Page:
Metric Providers Overview

What is a Metric Provider?

A metric provider is a standalone module that can be used to measure a specific measuremenent metric using a unique method. Whilst they are all used in our module to fully measure an application, each of them can also be run independently.

Setup and Structure

To use the metrics provider, the C source must be compiled. This can be done easily for all metrics providers by running the script in the project’s root directory, or individually by running the Makefile in each provider’s subdirectory. This will create a binary file in each metric’s subdirectory.

Each metric providers to be attached and used during a run are defined in our config.yml file:

      resolution: 100
      resolution: 100
#      resolution: 100
       # This is a default configuration. Please change this to your system!
#      CPUChips: 1
#      HW_CPUFreq: 3100
#      CPUCores: 28
#      TDP: 150
#      HW_MemAmountGB: 16

The dimension of the resolution is milliseconds. Change this number to have a smaller or larger time window between measurements for that specific provider.

The metric providers are written as C programs with a Python wrapper, and live under tools/metric_providers/ in the subdirectory that matches the config.yml. The directory contains the following files:

- <metric-providers-path>:
    - source.c
    - Makefile

The source.c is the main sourcecode for the metric provider, the Makefile can be used to generate the needed binary, and the is the python wrapper.

How to Use

The will instrument all the metric providers automatically for you. It will save all the measured data into the postgres database.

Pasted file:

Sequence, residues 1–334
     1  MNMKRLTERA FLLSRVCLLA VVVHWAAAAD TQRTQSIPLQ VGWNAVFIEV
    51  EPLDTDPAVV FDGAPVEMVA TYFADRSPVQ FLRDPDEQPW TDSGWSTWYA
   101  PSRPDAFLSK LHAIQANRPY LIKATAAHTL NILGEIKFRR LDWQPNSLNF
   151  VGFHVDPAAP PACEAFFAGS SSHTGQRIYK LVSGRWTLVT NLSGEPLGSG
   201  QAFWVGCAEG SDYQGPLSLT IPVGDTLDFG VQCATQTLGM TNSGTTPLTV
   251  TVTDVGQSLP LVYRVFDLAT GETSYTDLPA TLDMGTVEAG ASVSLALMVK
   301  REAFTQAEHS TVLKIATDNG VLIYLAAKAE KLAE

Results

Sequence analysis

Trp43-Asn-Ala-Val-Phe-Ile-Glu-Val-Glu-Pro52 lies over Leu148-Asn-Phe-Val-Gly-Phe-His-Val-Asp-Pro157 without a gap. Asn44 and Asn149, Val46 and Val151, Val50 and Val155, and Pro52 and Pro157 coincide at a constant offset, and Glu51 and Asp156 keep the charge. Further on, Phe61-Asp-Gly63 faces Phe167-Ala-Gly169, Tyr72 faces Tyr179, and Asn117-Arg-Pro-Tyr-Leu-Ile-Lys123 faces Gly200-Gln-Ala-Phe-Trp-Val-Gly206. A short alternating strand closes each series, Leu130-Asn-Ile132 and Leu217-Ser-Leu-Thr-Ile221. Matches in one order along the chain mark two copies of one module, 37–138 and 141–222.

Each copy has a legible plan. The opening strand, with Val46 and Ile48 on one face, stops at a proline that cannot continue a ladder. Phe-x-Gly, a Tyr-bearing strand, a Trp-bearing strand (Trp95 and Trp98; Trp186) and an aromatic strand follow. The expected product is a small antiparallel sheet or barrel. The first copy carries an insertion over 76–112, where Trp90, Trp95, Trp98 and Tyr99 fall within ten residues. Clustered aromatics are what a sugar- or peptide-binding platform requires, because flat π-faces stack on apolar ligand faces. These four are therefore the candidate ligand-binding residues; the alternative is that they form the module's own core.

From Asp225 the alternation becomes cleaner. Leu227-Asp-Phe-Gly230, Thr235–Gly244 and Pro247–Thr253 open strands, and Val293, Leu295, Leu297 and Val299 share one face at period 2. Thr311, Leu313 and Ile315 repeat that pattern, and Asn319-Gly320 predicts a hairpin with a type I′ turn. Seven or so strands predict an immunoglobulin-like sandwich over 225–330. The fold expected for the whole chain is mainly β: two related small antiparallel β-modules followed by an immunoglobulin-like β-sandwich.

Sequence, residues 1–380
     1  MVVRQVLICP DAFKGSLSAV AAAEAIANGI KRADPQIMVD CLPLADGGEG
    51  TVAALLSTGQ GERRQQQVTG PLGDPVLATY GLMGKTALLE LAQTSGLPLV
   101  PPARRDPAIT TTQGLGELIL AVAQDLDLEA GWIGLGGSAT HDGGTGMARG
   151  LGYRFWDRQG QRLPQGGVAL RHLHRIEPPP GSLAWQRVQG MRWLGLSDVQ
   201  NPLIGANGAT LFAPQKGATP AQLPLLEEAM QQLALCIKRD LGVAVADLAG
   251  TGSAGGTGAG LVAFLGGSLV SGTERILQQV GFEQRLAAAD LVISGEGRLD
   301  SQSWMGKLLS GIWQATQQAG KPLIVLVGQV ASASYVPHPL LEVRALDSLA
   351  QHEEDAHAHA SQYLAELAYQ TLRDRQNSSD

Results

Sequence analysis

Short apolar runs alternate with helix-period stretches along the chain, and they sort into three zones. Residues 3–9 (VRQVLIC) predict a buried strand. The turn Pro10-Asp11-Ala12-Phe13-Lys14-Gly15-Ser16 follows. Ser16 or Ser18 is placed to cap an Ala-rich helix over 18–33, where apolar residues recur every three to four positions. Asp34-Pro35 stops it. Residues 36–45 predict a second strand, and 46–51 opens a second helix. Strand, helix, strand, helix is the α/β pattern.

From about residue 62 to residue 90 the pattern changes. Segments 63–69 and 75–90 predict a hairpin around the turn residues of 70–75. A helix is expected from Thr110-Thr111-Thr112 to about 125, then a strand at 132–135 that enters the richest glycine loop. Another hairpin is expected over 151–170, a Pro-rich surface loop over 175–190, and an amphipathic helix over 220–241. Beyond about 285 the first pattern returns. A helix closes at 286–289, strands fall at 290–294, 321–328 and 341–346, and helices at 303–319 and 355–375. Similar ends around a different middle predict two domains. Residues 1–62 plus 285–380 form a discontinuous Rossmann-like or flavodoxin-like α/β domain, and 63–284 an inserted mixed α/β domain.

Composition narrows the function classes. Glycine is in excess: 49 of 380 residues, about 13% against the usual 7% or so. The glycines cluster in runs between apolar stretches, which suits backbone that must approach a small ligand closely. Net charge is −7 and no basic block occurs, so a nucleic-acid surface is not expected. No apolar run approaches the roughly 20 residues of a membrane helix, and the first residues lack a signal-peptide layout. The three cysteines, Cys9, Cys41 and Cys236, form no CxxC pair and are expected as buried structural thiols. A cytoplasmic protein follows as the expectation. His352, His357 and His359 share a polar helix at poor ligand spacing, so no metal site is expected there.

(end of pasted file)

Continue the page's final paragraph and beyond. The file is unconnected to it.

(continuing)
If you wish to run them independently however, you can do so as a C program or with the python wrapper. The C program will output all of its data as a continuous stream to Stdout.


After building the metric provider binary via the Makefile or script, simply run it.

It will begin reading the metrics and printing them to Stdout.

If the metric provider has specific or needed flags (such as container-id), you may provide them. Some metrics gather their data from container-level information, while others read system-wide metrics. Those that read at a container-level will need the container-ids passed in as an input parameter with the -s flag, with each container-id seperated with a comma. See the specific Metric Provider’s documentation for more information.

The format of the output will always be: <timestamp> <metric_reading> <optional: container-id>:

> sudo ./metric-provider-binary -i 100 -s 7f38a4c25fb8f9d5f8651d6ed986b3658dba20d1f5fec98a1f71c141c2b48f4b,c3592e1385d63f9c7810470b12aa00f7d6f7c0e2b9981ac2bdb4371126a0660a

1659366713420657 4 7f38a4c25fb8f9d5f8651d6ed986b3658dba20d1f5fec98a1f71c141c2b48f4b
1659366713420657 234 c3592e1385d63f9c7810470b12aa00f7d6f7c0e2b9981ac2bdb4371126a0660a
1659366713521111 3 7f38a4c25fb8f9d5f8651d6ed986b3658dba20d1f5fec98a1f71c141c2b48f4b
1659366713521111 273 c3592e1385d63f9c7810470b12aa00f7d6f7c0e2b9981ac2bdb4371126a0660a

The timestamp will always be a UNIX timestamp, down to the microsecond. The metric_reading output and units are specific to each metric, and the container-id will also only be shown if the metric reads on a container level (otherwise it should say SYSTEM).


To use the Python wrapper, call the start_profiling method when you wish to begin the profiling, and then stop_profiling when you wish to stop.

You may pass in a container-id into start_profiling if needed. It writes the output of the metrics to /tmp/green-metrics-tool/{self._metric_name}.log", which can be read programatically with the read_metrics function.